"It is still important to hear her voice to understand how difficult it is for a woman to be able to terminate a battering relationship without getting hurt worse or killed," she says.
"The real question is: 'Why don't these men let women go?'"
In the documentary, broadcaster and huge Tina Turner fan, Oprah Winfrey, also talks of the importance of women speaking out in the 80s.
"Nobody talked about sexual abuse, physical abuse, domestic abuse - abuse, period. Our generation is the generation that started to break the silence."
What Tina didn't realise, though, was that her explosive revelations would follow her round as her career took off again, with hits including Let's Stay Together, What's Love Got to Do With It and Private Dancer.
By 1986, she published an autobiography, I, Tina, co-written with Kurt Loder, to "get the journalists off my back".
She thought if they had all the answers from her book, they would stop asking her endless questions which took her back to such an unhappy period in her life.
But it didn't work.
Interviewers repeatedly asked her to relive her memories, with Buzzfeed noting in 2021: "Tina Turner deserved so much better from the media, and here are 14 moments that prove it."
The article highlighted moments including a 1993 interview with Australia's Nine Network, in which she was played a pre-recorded interview with Ike, who responded to a question about beating her.
Her dignified, calm response said it all: "I don't want to start an argument with Ike Turner via satellite. I have nothing to say."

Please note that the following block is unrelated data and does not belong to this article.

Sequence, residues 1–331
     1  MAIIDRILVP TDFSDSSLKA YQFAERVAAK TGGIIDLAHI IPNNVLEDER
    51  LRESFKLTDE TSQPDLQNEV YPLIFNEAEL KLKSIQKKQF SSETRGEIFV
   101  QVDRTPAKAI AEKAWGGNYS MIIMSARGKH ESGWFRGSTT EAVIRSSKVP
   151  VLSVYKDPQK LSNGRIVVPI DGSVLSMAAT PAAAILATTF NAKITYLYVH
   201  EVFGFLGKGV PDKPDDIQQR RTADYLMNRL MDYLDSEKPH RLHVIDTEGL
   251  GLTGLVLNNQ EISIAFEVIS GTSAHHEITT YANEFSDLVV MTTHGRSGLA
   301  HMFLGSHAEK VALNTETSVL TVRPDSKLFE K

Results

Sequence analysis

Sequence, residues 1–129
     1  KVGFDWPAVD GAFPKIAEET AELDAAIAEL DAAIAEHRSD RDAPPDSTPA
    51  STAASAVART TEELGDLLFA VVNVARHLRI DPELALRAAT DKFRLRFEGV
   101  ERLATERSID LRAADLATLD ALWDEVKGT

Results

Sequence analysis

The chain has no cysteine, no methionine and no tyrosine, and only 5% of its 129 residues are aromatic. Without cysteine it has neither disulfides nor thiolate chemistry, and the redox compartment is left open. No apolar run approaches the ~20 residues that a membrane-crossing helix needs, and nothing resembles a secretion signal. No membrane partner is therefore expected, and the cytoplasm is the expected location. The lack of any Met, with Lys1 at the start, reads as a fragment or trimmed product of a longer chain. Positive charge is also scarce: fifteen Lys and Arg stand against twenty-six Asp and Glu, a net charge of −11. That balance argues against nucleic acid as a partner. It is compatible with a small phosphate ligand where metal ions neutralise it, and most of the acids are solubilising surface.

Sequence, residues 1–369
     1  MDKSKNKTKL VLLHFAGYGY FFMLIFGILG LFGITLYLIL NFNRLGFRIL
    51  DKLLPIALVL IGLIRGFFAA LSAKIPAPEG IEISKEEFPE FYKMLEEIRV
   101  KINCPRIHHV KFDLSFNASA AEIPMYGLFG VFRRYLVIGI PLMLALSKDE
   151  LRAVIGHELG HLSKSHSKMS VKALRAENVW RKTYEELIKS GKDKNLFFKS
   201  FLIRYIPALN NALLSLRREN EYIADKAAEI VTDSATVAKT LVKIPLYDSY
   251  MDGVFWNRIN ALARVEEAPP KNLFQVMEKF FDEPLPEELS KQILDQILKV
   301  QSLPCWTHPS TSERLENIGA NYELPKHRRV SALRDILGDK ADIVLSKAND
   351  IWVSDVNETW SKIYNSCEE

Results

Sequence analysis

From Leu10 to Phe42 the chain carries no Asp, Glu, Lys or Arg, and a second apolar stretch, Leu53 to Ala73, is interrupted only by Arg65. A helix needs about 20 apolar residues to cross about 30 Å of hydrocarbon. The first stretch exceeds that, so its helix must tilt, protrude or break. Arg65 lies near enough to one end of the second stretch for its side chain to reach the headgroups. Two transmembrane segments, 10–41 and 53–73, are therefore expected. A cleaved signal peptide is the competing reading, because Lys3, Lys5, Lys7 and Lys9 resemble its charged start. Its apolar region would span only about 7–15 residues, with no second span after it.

Tina's career continued to grow, and her story carried on being told, and in the 1993 film What's Love Got to Do With It, adapted from the book I, Tina, she was played by Angela Bassett.
By 2005, Winfrey recalled meeting a woman who was inspired by the singer to leave an abusive relationship.
Winfrey wrote: "When Tina Turner's Wildest Dreams tour stopped in Houston back in 1997, I stood (let me tell ya, you seldom sit at a Tina performance) next to a woman whose story I'll never forget.
"'I came because I was looking for the courage to leave the man who beats me,' she said. 'Tonight I found that courage.'"
By 2018, the singer decided to bring out a new autobiography, My Love Story, where she also talked about finding love with actor and producer Erwin Bach and how she coped with the suicide of her son, Craig.
A jukebox stage show about her life also opened in London that year, and the singer said at the time: "When I look and see it done so well, I feel proud."
In 2021, Tina was inducted on her own into the Rock and Roll Hall of Fame, having previously been inducted - with Ike - in 1991.
Bassett made the speech to commemorate it, saying: "What a life Tina has led. Her story has become a film, a documentary, a blockbuster Broadway show, and a best-selling autobiography.
"What brings us here tonight is Tina's journey to independence. For Tina, hope triumphed over hate. Faith won over fear. And ambition eclipsed adversity."
In April, Tina's story went full circle, when Tina - The Tina Turner Musical partnered with Women's Aid for its fifth anniversary, ahead of Women's Aid's 50th anniversary.
Farah Nazeer, chief executive at Women's Aid said: "It is wonderful to have the story of such a powerful and influential woman supporting our mission.
"Tina is an inspiration, her story shows the strength of survivors and that there is hope for women experiencing abuse currently - there is both freedom and happiness after abuse."